Posts

Grammar Grappler #31: Really, Mom, I Was Out Studying Until 3 a.m., in the Morning

This has been a crowd favorite, so to speak. So many of you have shared examples of how often you hear people say, “I have to leave for the airport at 4 a.m., in the morning.” Read more

Grammar Grappler #30: Combine Together the Following Ingredients

Following graduation from Mississippi State University, I moved back to my hometown and worked that summer and fall at my hometown newspaper. One of the most fun projects I contributed to during that time was the Thanksgiving recipe publication. Read more

Grammar Grappler #24: Why Sign it “Sincerely”?

A couple of weeks ago, I posted a guideline on how to capitalize complimentary closes for business letters and emails. When your complimentary close is more than one word, you don’t capitalize the second word. For instance: Read more

Grammar Grappler #22: Sincerely yours or Sincerely Yours

This week’s post is a quick read, but we’re using our summer theme of “Grammar Grapplers” to answer readers’ questions. Recently, I’ve received a couple of versions of this question. What do you think? Please choose the correct response. Read more

Grammar Grappler #20: Bring or Take?

Have you ever had the experience of talking with someone and knowing you’re about to use a word and then questioning yourself before it even comes out of your mouth? It happens in a split second, but that’s how I feel about bring and take. Read more

Grammar Grappler #19: Affect or effect?

Without fail, this question pops up in every Grammar-for-Grownups professional development class I facilitate. 

Oh, how I wish there were a simple gimmick to help us remember when to use affect or effect. Alas, that’s why it’s so tricky; there’s no sure-fire memorable saying to help with this sometimes confusing word choice. And, it’s not as simple as saying affect is a verb and effect is a noun. So, how do we know when to use which word? Below is what I share in my classes. It boils down to word substitution—but I’ve found it really works.

Effect is a noun. When effect is being used as a noun, it means “result.”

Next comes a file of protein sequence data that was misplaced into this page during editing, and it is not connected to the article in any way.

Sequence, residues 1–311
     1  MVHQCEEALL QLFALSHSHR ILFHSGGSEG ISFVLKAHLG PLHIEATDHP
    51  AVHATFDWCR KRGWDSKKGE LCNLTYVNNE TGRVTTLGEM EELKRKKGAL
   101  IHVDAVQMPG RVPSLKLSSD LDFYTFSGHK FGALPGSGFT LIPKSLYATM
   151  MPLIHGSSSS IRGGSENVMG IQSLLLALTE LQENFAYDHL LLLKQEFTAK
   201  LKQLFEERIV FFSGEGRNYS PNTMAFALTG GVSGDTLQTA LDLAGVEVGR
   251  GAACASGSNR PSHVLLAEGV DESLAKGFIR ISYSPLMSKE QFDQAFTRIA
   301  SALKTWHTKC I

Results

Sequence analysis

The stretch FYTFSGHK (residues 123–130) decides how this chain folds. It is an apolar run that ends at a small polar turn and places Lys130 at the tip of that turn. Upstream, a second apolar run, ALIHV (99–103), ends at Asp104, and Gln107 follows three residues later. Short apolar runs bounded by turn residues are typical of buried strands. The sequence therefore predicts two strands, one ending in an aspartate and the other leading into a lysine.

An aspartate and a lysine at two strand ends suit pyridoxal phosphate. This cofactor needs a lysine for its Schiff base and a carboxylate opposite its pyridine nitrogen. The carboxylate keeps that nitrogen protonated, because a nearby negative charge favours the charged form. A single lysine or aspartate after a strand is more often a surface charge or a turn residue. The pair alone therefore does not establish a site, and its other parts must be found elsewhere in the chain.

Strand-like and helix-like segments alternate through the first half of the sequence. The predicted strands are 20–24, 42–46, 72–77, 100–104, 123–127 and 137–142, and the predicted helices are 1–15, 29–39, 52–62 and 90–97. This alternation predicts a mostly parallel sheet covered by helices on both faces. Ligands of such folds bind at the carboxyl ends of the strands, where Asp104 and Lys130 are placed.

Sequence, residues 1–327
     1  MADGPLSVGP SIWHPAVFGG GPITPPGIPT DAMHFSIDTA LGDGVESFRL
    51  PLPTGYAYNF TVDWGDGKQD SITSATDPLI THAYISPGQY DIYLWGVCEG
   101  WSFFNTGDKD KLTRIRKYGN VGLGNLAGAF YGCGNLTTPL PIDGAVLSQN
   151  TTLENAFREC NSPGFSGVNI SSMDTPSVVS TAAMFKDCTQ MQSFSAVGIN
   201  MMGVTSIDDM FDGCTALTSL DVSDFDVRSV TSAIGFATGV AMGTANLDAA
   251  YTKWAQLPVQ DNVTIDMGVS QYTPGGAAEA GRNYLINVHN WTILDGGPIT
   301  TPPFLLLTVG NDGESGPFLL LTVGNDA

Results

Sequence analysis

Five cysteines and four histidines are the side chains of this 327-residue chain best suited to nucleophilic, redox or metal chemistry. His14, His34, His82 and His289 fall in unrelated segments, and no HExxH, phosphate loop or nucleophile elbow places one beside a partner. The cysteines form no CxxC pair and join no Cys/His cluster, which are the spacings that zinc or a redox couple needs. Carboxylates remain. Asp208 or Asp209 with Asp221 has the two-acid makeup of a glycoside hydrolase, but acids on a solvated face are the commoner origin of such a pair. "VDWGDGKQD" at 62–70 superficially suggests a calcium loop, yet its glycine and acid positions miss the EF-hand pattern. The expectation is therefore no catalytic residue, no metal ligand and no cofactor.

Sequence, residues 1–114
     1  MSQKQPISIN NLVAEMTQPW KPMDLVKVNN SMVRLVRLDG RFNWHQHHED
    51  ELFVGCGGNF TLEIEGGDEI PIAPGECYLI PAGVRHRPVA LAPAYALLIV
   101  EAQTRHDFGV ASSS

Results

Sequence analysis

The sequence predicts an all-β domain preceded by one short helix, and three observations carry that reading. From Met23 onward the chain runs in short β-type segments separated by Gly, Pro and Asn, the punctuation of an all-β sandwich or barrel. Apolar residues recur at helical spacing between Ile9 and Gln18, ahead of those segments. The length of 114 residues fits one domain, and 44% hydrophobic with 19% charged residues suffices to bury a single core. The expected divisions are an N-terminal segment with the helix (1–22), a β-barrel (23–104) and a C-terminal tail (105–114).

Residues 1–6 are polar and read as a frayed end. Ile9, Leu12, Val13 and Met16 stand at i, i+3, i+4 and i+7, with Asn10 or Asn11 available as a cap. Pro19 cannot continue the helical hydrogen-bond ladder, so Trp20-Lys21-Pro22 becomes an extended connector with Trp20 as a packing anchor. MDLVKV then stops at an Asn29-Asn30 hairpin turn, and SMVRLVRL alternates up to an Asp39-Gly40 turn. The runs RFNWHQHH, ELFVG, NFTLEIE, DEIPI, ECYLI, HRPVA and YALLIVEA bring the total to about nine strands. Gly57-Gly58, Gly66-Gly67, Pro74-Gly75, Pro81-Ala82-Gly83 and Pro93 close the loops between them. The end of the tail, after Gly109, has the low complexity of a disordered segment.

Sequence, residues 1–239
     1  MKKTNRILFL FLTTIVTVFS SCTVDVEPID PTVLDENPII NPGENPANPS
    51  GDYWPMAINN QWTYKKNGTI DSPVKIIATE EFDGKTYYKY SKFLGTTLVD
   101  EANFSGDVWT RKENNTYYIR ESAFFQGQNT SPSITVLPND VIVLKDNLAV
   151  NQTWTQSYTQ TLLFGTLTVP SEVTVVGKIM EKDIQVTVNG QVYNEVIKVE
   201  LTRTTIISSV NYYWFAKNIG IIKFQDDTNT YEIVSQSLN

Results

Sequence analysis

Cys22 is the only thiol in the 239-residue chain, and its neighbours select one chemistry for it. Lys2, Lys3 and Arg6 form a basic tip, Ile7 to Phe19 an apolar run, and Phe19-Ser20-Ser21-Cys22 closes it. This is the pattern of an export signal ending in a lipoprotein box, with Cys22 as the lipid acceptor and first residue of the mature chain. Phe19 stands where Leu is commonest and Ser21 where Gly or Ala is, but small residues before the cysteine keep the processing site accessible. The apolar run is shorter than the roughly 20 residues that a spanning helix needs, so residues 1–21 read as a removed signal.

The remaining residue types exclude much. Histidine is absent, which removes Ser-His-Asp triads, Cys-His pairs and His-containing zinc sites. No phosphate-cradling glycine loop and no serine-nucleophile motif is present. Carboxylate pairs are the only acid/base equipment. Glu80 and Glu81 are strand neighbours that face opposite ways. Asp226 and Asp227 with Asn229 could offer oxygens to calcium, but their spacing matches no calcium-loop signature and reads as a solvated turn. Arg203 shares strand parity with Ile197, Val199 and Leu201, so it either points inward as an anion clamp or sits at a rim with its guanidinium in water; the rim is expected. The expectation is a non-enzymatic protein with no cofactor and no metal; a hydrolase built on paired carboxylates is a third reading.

One effect of Tropical Storm Claudette was closed beaches in Point Clear.

Translation: One result of Tropical Storm Claudette was closed beaches in Point Clear. (And I know this well because we had to cancel our vacation last weekend.)

Another way to look at it is if you can put an or the in front of it, use effect.

Affect is a verb. When affect is being used as a verb, it means “to change or influence.”

Tropical Storm Claudette affected our vacation plans.

Translation: Tropical Storm Claudette changed our vacation plans.

Life would be sweet if it really were that simple, but here’s the catch. Effect also can be used as a verb. And when effect is a verb, it means “to cause.” [Think cause and effect.]

This new HR policy will effect a change in our organizational chart.

Translation: This new HR policy will cause a change in our organizational chart.

This word substitution works for me. I’m curious if you have any other memorable tricks for effect and affect—and effect.

 

To customize a keynote or professional development session that will have your audience laughing and learning, contact Mandi Stanley.

Certified Speaking Professional Mandi Stanley works with business leaders who want to boost their professional image by becoming better speakers and writers through interactive high-content keynotes, breakout sessions, workshops, technical writing seminars, and fun proofreading classes. 

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Photo by Richard Main on Unsplash

Grammar Grappler #18: Are you running the gauntlet or running the gamut?

This confusing phrase pair was not even on my RADAR until a reader brought it up. And, when I found out what running the gauntlet really means, I was appalled. I definitely won’t be using that expression again.  Read more

Grammar Grappler 3: Peak or Peek?

I still lose sleep over an executive tips book I wrote in 1999 where in the 13th chapter I recommend presenters take a “sneak peak” at their notes whenever needed. Read more

Grammar Grappler 2: Presidents Day, President’s Day, Presidents’ Day

Behind-the-scenes note: I write on Monday and publish on Wednesday, so I’m penning this on the third Monday in February, otherwise known as Presidents’ Day. Or is it Presidents Day? Or President’s Day. Read more

Grammar Grappler 1: Compose/Comprise

Last week we announced a new blog series we’re calling Grammar Grapplers. A grappler is a tool consisting of several hooks for grasping and holding. The first commonly confused word pair we’re providing a hook for grasping is the difference between compose and comprise. Read more